In the Cherokee language, activism, “sdaya-digaluwisdanelv-gohusdi-vyelisv,” means, “working hard to achieve a goal.” When I think of activism done in, “the Cherokee way,” I think of artist, Shan Goshorn, who is a member of the Eastern Band of Cherokee Indians (EBCI). Her art, was always centered around social justice and bringing awareness to the faces of injustice that continue to plague her people. We lost Shan on December 1, 2018, to a rare form of cancer.
Shan’s story began in 1975, when, as a teenager, she began working her summers at the Qualla Arts and Crafts Cooperative. She became especially intrigued by, “double weave” basketry. It starts on the interior bottom and is woven up the sides to the desired height. The splints are turned and woven back down the exterior and finished on the bottom, with no obvious indication of beginning or end, much like the cosmology of the Cherokee: everything eventually comes to full circle.
Shan became an avid, “cultural activist” who expressed her viewpoints through art.” Initially, her medium of choice was multi-media. She created several bodies of work that addressed human rights issues unique to Indian people, such stereotypes. One of her early creations, Honest Injun, featured a series of hand-painted black and white photographs of commercial products that use Indian names or images to hawk their wares.” Her intention was to educate and create dialogue, but her early audiences sought to retreat, or react in hostility. Remembering the gentle nature of basket-making, Shan decided to use it as her new medium, and she poured her heart into crafting old messages into a new venue. “I’ve always done work that’s made very strong statements,” Goshorn told the Tulsa World in 2013. “And, in the past, sometimes the art itself has been pretty confrontational and in-your-face,” she said, “but while the baskets are presenting the same kind of statements, they seem to draw people in rather than pushing them away.”
With the same fevered passion she put into, Honest Injun, Shan wove her message to the powerful NFL (National Football League). The piece was titled, “No Honor.” It spoke directly to the controversy around the name of the Washington professional football team, “Redskins.” A history lesson: the name, “Redskin” was created as a bounty placed on Native bodies and scalps. money was that is, people were paid money for bringing dead Indians to the trading post (read: attempted genocide). This single-weave Cherokee style basket combines a Redskin pennant with paper splints first printed with the following two definitions from The American Heritage Dictionary, to illustrate why this name is offensive and inappropriate: Redskin (rĕd skĭn)′ n. Offensive slang. Used as a disparaging term for a Native American Nigger (nĭg ər) n. Offensive slang. The basket also The title is printed all in caps, in reference to a 2013 quote by Redskin team owner, Dan Snyder, when asked if he would consider changing the name if the team loses an ongoing federal trademark lawsuit. His response: “We’ll never change the name. It’s that simple. NEVER — you can use caps.” Fans say they are honoring Native Americans. This is no honor.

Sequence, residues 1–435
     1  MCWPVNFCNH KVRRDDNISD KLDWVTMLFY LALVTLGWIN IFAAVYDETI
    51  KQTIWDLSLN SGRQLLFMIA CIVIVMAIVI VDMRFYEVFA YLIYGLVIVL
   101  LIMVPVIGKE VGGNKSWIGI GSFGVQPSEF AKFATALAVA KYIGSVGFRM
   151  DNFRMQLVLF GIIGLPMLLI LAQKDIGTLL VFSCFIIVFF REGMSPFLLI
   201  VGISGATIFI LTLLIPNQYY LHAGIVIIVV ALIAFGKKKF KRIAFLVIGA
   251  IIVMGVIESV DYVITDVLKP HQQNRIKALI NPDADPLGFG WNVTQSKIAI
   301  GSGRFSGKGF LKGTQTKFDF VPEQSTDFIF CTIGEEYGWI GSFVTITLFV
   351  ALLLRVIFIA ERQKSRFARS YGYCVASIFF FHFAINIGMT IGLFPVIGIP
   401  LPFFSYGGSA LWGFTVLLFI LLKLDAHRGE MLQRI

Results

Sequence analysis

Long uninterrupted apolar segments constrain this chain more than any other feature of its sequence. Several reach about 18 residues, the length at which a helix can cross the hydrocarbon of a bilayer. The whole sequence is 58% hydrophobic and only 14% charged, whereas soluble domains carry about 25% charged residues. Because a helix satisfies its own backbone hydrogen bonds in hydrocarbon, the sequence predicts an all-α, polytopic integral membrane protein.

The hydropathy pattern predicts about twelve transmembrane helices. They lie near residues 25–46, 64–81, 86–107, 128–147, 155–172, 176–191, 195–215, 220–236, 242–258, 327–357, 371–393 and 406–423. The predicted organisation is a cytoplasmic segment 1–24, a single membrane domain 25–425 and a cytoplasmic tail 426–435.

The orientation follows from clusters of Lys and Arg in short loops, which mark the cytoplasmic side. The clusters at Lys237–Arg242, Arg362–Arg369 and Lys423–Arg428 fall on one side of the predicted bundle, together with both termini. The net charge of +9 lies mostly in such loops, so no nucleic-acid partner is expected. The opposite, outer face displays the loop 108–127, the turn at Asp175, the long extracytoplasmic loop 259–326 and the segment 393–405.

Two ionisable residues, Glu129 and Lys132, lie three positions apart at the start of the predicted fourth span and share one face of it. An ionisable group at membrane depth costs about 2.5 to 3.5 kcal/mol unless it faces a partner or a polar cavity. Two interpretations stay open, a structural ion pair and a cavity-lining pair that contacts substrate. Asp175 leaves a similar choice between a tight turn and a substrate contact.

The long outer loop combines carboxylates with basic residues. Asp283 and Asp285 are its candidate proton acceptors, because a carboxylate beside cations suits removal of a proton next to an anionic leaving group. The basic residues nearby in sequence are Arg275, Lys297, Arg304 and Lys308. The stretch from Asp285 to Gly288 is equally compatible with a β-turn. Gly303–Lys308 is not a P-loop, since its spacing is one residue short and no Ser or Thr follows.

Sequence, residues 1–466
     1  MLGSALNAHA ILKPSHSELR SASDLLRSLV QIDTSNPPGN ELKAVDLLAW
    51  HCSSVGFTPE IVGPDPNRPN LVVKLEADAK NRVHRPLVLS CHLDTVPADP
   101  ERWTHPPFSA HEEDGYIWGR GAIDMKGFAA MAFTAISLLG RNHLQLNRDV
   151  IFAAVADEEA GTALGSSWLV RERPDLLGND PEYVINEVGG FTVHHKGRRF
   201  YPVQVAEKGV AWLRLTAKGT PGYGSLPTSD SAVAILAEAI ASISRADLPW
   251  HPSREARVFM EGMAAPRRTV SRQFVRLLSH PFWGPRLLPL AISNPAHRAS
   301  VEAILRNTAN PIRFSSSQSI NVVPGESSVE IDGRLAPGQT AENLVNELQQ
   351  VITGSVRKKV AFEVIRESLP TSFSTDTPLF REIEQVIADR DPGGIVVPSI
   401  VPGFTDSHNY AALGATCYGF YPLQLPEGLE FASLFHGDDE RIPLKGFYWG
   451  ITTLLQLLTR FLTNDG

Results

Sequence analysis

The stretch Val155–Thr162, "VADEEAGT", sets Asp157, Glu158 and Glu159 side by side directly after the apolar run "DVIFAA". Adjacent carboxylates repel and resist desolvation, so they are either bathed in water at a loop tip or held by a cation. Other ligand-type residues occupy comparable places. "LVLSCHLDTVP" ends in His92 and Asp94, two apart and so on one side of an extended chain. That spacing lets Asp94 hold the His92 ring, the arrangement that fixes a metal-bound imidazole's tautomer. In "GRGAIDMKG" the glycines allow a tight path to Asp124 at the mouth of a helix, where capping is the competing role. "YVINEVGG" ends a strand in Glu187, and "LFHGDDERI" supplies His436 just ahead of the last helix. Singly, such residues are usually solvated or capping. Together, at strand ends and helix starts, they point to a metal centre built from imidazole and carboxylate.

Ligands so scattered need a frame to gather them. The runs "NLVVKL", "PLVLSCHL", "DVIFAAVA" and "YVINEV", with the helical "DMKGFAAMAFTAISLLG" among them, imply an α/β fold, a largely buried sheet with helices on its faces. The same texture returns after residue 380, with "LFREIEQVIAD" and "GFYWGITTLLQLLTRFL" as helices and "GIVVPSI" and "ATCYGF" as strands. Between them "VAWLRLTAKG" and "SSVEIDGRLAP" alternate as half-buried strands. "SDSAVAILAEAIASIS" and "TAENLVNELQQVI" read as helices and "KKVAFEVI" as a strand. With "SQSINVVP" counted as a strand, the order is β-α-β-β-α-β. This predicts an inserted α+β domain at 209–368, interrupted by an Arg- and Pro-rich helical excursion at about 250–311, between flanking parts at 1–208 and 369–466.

I had never heard of Shan Goshorn until I became the director of a Cherokee cultural leadership program called, “Duyudvi,” The Right Path. I was searching for Cherokee people who could discuss our history its traumatic events through artistic expressions. Shan’s name was given to me. She happily came to talk to my class of young Cherokee adults, who were amazed at her courage to show the world how badly our people had been betrayed, mostly at the hands of our own United States governments. Shan has many baskets depicting the trauma, but she also created ones of joyful renaissance, strength, and hope for the future. We fell in love with her. It broke our hearts to lose her, but we will not forget her and her amazing messages.
Goshorn’s work is currently on display in the exhibition “Art for a New Understanding: Native Voices, 1950s to Now” at the Crystal Bridges Museum of American Art in Bentonville, Arkansas, as well as at Dickinson College’s Trout Gallery in Carlisle, Pennsylvania.
Shan’s awards include the 2015 United States Artists Fellowship, 2013 Eiteljorg Contemporary Art Fellowship; 2013 Smithsonian Artist Research Fellowship; 2013 SWAIA (Southwestern Association for Indian Arts) Discovery Fellowship, and 2014 Native Arts and Culture Artist Fellowship.
The day after her passing, SWAIA – Santa Fe Indian Market issued a statement that reflects the feelings of our Nation, “The Native art world has lost a giant. Shan Goshorn was one of a kind, much like her art.” Weave your stories in the Heaven, Shan. Danadagohvgi. “We’ll see each other again.
Juanita Wilson, Eastern Band of Cherokee Indians (EBCI)
Originally published January 9, 2019